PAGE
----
Thyroid Fatigue: What You Should Know

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You’ve probably heard that having an underactive thyroid (hypothyroidism) can make you feel perpetually tired. But what about hyperthyroidism? Can an overactive thyroid lead to fatigue, too? As it turns out, it’s a symptom the two conditions share.

“Fatigue is a well-known and very common symptom of thyroid disease,” confirms endocrinologist Alexandra Mikhael, MD. “Both hypothyroidism and hyperthyroidism can cause fatigue.”

OK, but why? And what does your thyroid even do, anyway? Dr. Mikhael explains the role of this important gland, what can happen if things go amiss and why having an overactive thyroid might lead to fatigue.

Why does overactive thyroid cause fatigue?

Your thyroid is a butterfly-shaped gland, located at the base of the front of your neck, that’s responsible for your metabolism, or how your body uses energy.

“Your thyroid helps regulate temperature and keep your organs working properly, including your brain, heart, muscles and others,” Dr. Mikhael explains. “It makes thyroid hormones, which are secreted into your bloodstream and then transported to various organs and tissues throughout your body.”

But sometimes, your thyroid can get out of whack, leading to too much or too little thyroid hormone in your blood.

  • Hyperthyroidism (overactive thyroid) is a condition where your thyroid gland makes too much thyroid hormone.
  • Hypothyroidism (underactive thyroid) is a condition where your thyroid gland doesn’t make enough thyroid hormone.

Because your thyroid sets the pace for your energy levels, having an overactive thyroid ramps up your metabolism — which essentially exhausts your body, leading to fatigue. It can also make it hard for you to get a good night’s sleep, which, of course, only makes things worse.

What does thyroid fatigue feel like?

Everybody knows the feeling of not getting quite enough sleep. Maybe you pulled an all-nighter studying for a big exam or your baby kept you up by crying throughout the night. Whatever the case, you probably woke up the next morning feeling absolutely exhausted.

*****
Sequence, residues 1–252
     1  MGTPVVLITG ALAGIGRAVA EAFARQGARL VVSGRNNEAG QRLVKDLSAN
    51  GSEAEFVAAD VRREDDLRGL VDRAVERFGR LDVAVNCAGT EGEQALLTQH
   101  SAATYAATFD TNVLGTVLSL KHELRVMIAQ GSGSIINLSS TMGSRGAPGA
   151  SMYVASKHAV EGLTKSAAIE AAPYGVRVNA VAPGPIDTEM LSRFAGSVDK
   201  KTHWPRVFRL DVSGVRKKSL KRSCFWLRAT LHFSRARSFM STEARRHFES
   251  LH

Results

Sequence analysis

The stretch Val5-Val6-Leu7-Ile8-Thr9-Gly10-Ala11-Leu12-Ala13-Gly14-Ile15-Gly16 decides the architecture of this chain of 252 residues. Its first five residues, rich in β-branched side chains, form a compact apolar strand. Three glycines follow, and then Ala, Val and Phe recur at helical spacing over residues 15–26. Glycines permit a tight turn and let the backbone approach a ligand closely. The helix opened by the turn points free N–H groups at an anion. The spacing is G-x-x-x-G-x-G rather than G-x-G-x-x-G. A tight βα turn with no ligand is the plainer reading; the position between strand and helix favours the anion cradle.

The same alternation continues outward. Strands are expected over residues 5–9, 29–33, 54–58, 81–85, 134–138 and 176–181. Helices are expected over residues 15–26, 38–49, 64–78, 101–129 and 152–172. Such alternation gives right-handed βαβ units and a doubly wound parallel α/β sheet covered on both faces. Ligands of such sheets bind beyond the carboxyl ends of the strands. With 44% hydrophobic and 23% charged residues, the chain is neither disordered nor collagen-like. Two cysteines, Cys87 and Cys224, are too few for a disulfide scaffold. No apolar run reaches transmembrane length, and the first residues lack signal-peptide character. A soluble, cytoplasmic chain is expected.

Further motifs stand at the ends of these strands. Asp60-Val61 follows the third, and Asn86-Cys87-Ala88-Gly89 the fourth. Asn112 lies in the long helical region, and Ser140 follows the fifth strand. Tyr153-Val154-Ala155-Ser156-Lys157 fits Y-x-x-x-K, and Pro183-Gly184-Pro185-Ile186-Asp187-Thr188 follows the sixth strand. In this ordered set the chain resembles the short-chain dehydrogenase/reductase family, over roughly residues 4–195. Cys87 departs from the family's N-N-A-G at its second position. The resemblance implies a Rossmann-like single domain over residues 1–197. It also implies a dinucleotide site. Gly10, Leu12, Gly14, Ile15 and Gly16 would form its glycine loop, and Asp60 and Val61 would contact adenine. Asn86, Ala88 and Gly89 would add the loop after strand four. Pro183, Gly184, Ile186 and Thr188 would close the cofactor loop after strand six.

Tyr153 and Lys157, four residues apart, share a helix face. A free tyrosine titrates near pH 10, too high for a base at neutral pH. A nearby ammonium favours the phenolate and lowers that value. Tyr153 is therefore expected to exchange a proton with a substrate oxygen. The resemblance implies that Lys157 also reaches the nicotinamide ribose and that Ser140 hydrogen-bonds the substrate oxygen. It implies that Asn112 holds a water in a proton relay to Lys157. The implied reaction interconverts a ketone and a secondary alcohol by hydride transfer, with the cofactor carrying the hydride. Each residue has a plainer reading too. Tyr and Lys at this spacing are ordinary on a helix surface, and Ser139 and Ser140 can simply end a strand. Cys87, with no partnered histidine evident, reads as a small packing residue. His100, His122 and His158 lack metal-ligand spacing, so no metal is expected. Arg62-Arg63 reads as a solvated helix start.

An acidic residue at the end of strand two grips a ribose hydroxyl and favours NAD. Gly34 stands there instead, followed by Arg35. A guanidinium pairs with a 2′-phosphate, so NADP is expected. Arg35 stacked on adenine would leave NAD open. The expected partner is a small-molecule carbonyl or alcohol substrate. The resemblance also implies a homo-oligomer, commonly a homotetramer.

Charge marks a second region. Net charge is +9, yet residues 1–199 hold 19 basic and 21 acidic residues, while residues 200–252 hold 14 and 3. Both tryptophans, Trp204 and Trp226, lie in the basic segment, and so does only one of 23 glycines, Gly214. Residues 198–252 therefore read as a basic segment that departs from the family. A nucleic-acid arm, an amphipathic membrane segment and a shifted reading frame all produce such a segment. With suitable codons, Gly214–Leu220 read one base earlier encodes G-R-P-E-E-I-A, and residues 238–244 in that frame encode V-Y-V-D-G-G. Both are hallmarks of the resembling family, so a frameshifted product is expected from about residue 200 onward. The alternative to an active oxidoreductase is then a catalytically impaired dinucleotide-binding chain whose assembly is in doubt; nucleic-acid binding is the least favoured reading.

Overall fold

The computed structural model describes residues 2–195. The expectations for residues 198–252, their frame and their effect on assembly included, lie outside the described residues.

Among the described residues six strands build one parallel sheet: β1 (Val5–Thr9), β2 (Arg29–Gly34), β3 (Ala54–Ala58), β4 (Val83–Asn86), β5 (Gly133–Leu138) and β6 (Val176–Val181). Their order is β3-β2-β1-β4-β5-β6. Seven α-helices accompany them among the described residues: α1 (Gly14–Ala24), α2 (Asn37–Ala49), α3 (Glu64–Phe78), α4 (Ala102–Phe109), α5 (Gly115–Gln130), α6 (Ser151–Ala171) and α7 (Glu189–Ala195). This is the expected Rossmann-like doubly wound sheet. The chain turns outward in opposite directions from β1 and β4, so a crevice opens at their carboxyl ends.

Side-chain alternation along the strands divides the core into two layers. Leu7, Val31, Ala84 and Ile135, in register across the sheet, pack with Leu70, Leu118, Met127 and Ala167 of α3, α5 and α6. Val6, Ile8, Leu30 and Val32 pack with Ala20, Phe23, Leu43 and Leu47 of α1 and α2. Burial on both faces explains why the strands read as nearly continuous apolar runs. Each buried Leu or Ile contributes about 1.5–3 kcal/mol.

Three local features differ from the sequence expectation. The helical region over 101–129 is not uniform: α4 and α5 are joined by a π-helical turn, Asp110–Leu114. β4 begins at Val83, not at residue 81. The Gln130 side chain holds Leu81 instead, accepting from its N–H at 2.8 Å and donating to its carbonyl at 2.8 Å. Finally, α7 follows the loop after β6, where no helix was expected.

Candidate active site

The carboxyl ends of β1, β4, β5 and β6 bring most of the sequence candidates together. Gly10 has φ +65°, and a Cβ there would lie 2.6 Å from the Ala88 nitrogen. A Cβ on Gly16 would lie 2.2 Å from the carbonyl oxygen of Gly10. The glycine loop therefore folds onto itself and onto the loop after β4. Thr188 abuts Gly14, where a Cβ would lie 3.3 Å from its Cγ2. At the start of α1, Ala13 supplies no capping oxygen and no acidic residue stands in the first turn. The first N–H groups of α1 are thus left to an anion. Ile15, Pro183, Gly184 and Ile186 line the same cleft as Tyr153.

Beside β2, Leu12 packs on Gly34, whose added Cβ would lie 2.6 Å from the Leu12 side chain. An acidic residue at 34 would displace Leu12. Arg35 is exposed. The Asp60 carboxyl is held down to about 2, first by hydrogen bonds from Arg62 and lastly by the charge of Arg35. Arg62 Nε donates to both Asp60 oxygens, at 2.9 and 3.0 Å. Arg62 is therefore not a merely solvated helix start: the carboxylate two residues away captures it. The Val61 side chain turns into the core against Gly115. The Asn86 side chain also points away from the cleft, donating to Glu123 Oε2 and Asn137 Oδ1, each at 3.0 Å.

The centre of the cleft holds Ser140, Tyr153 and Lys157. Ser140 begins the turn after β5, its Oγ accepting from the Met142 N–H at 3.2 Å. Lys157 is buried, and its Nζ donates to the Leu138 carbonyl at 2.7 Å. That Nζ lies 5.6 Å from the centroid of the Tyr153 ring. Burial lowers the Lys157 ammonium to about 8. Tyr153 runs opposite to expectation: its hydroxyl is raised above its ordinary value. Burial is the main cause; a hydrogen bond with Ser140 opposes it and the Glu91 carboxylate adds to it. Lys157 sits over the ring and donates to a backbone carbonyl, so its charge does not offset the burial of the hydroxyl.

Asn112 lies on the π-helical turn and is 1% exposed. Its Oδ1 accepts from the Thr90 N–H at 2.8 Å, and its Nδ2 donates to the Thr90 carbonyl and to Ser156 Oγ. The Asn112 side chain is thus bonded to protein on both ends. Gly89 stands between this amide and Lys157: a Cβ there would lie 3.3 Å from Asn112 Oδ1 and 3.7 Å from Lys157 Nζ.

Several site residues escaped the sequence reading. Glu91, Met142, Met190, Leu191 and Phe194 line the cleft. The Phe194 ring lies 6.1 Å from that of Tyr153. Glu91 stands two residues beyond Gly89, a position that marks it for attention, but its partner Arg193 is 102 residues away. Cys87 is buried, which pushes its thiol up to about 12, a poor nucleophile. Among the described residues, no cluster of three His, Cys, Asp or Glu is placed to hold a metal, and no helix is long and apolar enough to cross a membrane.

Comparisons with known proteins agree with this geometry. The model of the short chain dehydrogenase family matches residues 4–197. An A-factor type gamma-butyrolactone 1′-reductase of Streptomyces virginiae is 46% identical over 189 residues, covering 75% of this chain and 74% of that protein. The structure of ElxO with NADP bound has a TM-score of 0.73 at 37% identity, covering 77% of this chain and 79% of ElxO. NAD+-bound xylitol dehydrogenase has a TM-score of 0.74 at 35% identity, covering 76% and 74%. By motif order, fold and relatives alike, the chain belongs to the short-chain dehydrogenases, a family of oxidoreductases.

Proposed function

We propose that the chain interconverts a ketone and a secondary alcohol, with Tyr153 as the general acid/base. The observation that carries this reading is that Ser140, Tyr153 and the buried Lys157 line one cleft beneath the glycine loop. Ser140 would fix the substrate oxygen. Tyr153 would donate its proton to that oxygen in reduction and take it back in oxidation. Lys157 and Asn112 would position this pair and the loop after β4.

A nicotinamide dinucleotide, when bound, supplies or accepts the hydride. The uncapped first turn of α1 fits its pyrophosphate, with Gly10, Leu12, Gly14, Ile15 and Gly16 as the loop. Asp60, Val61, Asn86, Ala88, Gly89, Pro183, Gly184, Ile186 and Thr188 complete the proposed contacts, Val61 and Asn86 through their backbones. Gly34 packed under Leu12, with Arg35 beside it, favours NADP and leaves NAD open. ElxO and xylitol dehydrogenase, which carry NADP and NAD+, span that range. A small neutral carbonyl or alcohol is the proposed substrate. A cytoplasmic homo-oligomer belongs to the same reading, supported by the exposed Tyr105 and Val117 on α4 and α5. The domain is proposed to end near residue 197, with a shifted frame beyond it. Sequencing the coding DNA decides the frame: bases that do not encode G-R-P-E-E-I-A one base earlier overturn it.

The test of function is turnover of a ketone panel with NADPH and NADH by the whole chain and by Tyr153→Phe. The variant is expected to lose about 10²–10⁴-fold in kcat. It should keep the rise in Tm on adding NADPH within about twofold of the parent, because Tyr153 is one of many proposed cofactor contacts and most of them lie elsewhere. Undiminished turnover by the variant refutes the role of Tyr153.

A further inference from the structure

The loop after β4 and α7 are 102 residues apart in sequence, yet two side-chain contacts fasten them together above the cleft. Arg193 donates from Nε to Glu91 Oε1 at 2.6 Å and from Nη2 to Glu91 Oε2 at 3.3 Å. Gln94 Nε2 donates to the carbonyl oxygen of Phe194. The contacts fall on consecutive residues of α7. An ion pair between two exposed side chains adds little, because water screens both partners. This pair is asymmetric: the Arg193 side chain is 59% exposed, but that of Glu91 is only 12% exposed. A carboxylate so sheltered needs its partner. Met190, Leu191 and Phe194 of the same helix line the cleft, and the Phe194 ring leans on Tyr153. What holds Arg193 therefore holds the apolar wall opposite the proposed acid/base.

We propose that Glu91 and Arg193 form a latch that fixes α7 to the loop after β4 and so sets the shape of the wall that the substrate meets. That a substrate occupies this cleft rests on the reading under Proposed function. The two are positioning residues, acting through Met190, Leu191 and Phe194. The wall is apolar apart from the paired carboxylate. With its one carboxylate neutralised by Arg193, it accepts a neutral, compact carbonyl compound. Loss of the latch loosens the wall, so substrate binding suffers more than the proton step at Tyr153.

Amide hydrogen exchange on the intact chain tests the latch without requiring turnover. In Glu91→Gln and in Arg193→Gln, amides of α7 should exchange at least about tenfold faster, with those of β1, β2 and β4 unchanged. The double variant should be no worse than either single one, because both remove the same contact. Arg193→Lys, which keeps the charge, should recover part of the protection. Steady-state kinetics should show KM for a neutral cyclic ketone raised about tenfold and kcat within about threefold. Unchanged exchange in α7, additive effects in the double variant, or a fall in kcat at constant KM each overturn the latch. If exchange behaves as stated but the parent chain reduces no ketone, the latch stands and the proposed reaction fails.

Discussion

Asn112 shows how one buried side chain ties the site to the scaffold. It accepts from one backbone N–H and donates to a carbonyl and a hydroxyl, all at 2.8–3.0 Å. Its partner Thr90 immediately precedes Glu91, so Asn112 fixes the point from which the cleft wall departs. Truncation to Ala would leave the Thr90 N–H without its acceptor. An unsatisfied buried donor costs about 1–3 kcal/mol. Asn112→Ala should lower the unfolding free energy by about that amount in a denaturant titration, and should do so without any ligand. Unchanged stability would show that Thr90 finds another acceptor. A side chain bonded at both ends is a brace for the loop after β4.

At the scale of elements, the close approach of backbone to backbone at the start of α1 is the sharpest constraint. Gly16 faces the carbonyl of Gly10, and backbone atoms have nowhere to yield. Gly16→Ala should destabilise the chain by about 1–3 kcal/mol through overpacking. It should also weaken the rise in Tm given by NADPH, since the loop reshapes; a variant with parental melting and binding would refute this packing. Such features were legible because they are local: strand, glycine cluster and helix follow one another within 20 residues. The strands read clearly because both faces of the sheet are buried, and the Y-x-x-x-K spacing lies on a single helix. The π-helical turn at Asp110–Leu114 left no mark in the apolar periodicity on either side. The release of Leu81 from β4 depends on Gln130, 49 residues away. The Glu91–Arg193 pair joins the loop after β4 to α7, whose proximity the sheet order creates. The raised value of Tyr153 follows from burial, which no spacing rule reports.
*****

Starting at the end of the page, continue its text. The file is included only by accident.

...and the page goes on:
Fatigue from thyroid dysfunction is kind of like that — but it’s ongoing, and it continues even after you’ve gotten plenty of sleep. It’s the type of brutal exhaustion that interferes with your life and just won’t go away.

“This type of fatigue tends to be prolonged and ongoing,” Dr. Mikhael says. “The exhaustion tends to persist and is more severe than fatigue caused by a lack of sleep or by excessive physical exertion.”

It might also include:

  • A feeling of whole-body exhaustion.
  • Depression, very low energy and/or a lack of motivation.
  • Muscle weakness and pain.
  • Trouble concentrating or focusing.

What else could be causing your fatigue?

Don’t simply assume that your fatigue is a sign of a thyroid issue. It’s also a symptom of many other medical concerns. And, as Dr. Mikhael points out, fatigue can be multifactorial, meaning that it’s a symptom of having more than one condition at the same time.

Other possible causes of fatigue include:

  • Anemia.
  • Autoimmune disorders like diabetes, lupus and rheumatoid arthritis.
  • Obstructive sleep apnea.
  • Vitamin deficiencies (especially vitamin D or vitamin B12).
  • Sleep deprivation.

And that’s just to name a few. “Fatigue is a very vague symptom,” Dr. Mikhael notes.

On the other hand, some people who have a thyroid disorder never experience fatigue — or any other symptoms, for that matter. Many people affected by thyroid disorders may have very mild symptoms or no symptoms at all.

How is overactive thyroid diagnosed?

Only a healthcare provider can figure out whether you have a thyroid disorder.

Like fatigue, many of the other common symptoms of a thyroid disorder are also symptoms of a number of other health issues of other issues. Those symptoms may include:

  • Rapid heartbeat.
  • Shakiness or nervousness.
  • Unexplained weight loss.
  • Diarrhea.
  • Vision changes.
  • Excessive sweating.
  • Sleep issues.
  • Trouble sleeping.

If you’re experiencing fatigue (with or without other symptoms), it’s important to see a healthcare provider. “They will determine if your fatigue is related to your thyroid gland by taking a thorough history, detailing specific symptoms, obtaining a medical history and performing a physical exam,” Dr. Mikhael states.

They may decide that you need additional testing, like a blood sample that looks for high levels of thyroid hormone, or an ultrasound that shows your thyroid on a computer screen for better viewing.

Treating thyroid fatigue

If your provider discovers that you do, in fact, have an overactive thyroid, they’ll decide which treatment is best for you — like, for example, medication that blocks your thyroid from overproducing thyroid hormone.

Good news: Treating your thyroid disorder should improve your feelings of fatigue. If not, Dr. Mikhael says it’s time to look at other possibilities: “If your fatigue persists after normalization of thyroid tests, your healthcare provider should help investigate other potential causes.”

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